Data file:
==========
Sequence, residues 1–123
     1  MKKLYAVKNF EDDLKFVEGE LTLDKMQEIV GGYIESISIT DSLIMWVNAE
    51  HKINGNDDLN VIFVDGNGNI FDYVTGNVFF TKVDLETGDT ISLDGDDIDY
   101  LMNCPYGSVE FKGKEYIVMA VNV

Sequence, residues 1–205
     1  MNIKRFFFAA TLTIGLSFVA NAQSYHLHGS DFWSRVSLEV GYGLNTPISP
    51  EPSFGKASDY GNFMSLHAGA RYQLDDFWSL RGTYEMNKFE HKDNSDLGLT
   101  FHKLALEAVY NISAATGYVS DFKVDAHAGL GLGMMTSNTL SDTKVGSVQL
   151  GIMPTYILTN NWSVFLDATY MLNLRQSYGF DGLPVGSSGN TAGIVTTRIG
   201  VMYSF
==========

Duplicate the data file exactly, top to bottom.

Sequence, residues 1–123
     1  MKKLYAVKNF EDDLKFVEGE LTLDKMQEIV GGYIESISIT DSLIMWVNAE
    51  HKINGNDDLN VIFVDGNGNI FDYVTGNVFF TKVDLETGDT ISLDGDDIDY
   101  LMNCPYGSVE FKGKEYIVMA VNV

Sequence, residues 1–205
     1  MNIKRFFFAA TLTIGLSFVA NAQSYHLHGS DFWSRVSLEV GYGLNTPISP
    51  EPSFGKASDY GNFMSLHAGA RYQLDDFWSL RGTYEMNKFE HKDNSDLGLT
   101  FHKLALEAVY NISAATGYVS DFKVDAHAGL GLGMMTSNTL SDTKVGSVQL
   151  GIMPTYILTN NWSVFLDATY MLNLRQSYGF DGLPVGSSGN TAGIVTTRIG
   201  VMYSF